By Nicole McMillen, Staff Writer

Day after dreary day, I trek from Danielsen to Marciano. The dining halls are so out of the way for me that I have a really bad habit of skipping meals when I’m in a rush (which is often, because I’m late for just about everything). Then, when it’s convenient for me (usually at around 8 o’clock) I find a way to set aside my homework and finally, I eat.

I have a kitchen in the basement, I always say to myself. Why not use it? Because I’m lazy and hate cleaning up after myself and ingredients are just so expensive and… what is cooking? Aside from something my mom used to do for me every single night, I don’t know what good cooking actually is. You want some Easy Mac? I got you. Spaghetti? Alright, I guess. Orecchiete with broccoli rabe and pine nuts? Uh, what?

I stumbled across a book I think will drastically change my life. It promises the three things most sought after by us college go-ers, right on the cover: “Quick. Cheap. Easy.”

"The Healthy College Cookbook," aka the savior for every college student currently without a dining plan./PHOTO BY Nicole McMillen

“The Healthy College Cookbook,” aka the savior for every college student currently without a dining plan./PHOTO BY Nicole McMillen

It’s called “The Healthy College Cookbook,” and it’s exactly what I’ve been looking for. 300 recipes ranging from artichoke dip to chicken pesto pasta, it details exactly how to scrape by in the kitchen.

Before I rattle off a recipe and my results right off the bat, I think it would be important to tell you guys what kind of ingredients you should stock your shelves with. These items are staples in every kitchen, and while I wouldn’t necessarily advise buying all of these things at once, it’s a good idea to stock up on things that won’t expire within the month. “The Healthy College Cookbook” tells you exactly what you need to buy, and from their list I constructed a shopping list. “Dry Stuff” lists everything that belongs in the cabinet or pantry. “Wet Stuff” lists all the stuff that needs a space in your fridge.

./PHOTO BY Nicole McMillen

Making a hard copy of all the ingredients and food supplies you need can save you a lot of time spent at the grocery store./PHOTO BY Nicole McMillen

Now, some of us live in dorms, so this list may seem a little ridiculous, but for those of you with apartments and kitchens readily available with no idea what to put in your cabinets, I think this is a great place to start. Living in a dorm, I just have some olive oil, cereal, peanut butter, spaghetti and a can of diced tomatoes as a foundation that I stick in a shelf for when I’m ready to use it. You should also have a couple of mixing bowls, pots and pans, measuring cups and measuring spoons. Obviously, you won’t really get too far in the cooking process without any of that.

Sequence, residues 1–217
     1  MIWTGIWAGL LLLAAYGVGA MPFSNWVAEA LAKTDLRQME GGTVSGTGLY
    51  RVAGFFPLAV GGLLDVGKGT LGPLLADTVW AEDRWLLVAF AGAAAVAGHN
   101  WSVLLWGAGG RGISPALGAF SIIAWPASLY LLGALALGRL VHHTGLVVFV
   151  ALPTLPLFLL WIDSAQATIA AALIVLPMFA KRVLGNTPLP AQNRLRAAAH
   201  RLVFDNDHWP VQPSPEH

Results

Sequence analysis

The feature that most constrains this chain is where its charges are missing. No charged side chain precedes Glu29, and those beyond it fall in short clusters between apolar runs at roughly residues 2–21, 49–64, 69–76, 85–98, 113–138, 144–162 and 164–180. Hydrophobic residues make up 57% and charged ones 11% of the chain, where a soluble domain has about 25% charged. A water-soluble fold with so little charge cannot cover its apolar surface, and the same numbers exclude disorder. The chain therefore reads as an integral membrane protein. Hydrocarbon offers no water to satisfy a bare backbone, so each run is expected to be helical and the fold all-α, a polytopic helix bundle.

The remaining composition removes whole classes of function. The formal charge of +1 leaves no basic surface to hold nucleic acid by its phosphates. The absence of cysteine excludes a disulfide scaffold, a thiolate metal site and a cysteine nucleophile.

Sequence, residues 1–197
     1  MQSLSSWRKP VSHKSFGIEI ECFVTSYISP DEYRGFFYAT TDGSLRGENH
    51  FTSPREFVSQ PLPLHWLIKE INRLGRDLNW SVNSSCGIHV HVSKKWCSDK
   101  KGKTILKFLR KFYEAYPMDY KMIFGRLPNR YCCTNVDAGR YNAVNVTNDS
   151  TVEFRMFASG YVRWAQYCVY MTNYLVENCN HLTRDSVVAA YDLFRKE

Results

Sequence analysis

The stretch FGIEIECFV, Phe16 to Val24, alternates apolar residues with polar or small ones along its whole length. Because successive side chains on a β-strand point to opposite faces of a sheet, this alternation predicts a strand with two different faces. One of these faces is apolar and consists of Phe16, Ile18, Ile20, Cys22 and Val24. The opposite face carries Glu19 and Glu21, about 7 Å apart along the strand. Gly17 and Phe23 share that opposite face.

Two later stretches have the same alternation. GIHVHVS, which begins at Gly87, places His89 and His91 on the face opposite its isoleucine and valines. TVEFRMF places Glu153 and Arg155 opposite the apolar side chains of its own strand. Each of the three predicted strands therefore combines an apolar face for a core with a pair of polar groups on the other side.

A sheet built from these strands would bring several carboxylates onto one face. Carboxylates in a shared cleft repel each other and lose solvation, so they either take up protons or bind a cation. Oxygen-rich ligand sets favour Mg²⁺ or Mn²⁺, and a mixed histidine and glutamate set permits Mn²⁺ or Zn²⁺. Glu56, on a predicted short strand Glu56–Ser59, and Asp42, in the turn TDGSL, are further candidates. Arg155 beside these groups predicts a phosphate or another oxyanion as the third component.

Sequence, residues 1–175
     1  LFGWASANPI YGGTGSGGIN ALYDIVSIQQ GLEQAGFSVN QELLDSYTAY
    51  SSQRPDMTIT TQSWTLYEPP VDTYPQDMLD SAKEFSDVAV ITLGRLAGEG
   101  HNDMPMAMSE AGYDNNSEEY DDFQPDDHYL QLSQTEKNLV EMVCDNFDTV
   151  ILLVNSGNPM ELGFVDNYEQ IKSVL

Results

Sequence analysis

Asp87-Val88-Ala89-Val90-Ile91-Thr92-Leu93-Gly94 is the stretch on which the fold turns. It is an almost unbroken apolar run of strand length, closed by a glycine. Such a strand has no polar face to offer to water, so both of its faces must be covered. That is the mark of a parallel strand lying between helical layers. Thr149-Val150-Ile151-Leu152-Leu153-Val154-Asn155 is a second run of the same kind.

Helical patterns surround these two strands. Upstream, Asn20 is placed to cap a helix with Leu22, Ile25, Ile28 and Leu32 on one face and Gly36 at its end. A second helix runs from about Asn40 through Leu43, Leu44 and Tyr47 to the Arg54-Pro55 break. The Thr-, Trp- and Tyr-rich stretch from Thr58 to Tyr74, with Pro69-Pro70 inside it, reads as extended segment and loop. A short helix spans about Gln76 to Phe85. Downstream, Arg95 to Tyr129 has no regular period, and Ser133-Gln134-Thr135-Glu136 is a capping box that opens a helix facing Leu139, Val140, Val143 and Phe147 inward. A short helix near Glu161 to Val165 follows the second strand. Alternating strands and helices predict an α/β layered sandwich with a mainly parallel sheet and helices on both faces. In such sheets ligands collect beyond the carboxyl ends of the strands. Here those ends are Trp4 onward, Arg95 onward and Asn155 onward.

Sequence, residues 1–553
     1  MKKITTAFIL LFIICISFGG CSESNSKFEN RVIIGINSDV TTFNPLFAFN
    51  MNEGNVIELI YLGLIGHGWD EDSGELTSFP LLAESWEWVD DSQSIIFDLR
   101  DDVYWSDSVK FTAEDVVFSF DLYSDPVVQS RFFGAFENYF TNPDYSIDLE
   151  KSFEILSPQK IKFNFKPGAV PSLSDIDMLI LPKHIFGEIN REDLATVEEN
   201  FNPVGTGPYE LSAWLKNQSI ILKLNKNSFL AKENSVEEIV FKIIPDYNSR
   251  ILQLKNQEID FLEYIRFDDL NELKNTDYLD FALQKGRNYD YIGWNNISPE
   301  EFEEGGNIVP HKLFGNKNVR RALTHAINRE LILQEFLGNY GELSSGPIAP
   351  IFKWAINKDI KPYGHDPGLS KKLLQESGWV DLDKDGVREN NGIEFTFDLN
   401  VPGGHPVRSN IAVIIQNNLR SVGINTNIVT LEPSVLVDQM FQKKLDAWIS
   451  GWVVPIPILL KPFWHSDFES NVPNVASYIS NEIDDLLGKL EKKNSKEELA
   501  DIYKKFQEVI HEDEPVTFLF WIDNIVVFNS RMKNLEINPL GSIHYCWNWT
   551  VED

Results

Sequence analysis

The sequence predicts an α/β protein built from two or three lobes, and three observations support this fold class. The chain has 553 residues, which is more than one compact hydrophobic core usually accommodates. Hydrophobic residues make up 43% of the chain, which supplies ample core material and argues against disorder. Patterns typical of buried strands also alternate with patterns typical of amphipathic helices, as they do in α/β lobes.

Onto this week’s recipe! I am guilty of breakfast-skipping, and so are my roommates and the majority of my classmates. Skipping breakfast can be very detrimental to your health, so I thought that I’d start off this column with a really quick and easy way to get some food in your belly before you start your day. It takes a little bit of prep, but it’s worth it in the morning.

To start, you’ll need the following:
1/2 cup peanut butter (smooth or crunchy)
½ cup nonfat dry milk powder
2 cups crushes cereal flakes (preferably a flavorless one, like Wheaties)
6 tablespoons of honey

./PHOTO BY Nicole McMillen

Voila, my lovely ingredients./PHOTO BY Nicole McMillen

I prepared this right on top of my desk (after cleaning it and lining it with some plastic wrap, of course). This whole thing took about 10 minutes! Cleaning up was the tough part.

I started by mixing the peanut butter, powdered milk and honey in a bowl. Then, I added my cereal and mixed everything together. After that, I made them into balls a tiny bit smaller than a golf ball and popped them in the fridge in a Tupperware container to make sure they stuck together. It was really that simple.

And then I was done!

Look how happy the Cap'n is./PHOTO BY Nicole McMillen

Look how happy the Cap’n is./PHOTO BY Nicole McMillen

BUT DON’T USE CAP’N CRUNCH!!! I read the ingredients list and immediately I said to myself, “Wheaties? Lame. I hate Wheaties” and made a beeline for the sugar. The result was an insanely sweet cereal ball that tastes absolutely delicious but really isn’t something that most people would want for breakfast (I am an exception — I eat apple pie for breakfast, so I clearly I don’t fall under the category of “most people”).

Overall, this whole thing took me about 10 minutes, the ingredients cost around $20 and I have enough cereal balls to last me at least a week’s worth of breakfasts. Compare that to some breakfast bars that cost around $3-4 each, if you buy them separately at a convenience store. The 10 minutes of prep and about 15 of clean up are definitely worth it to me.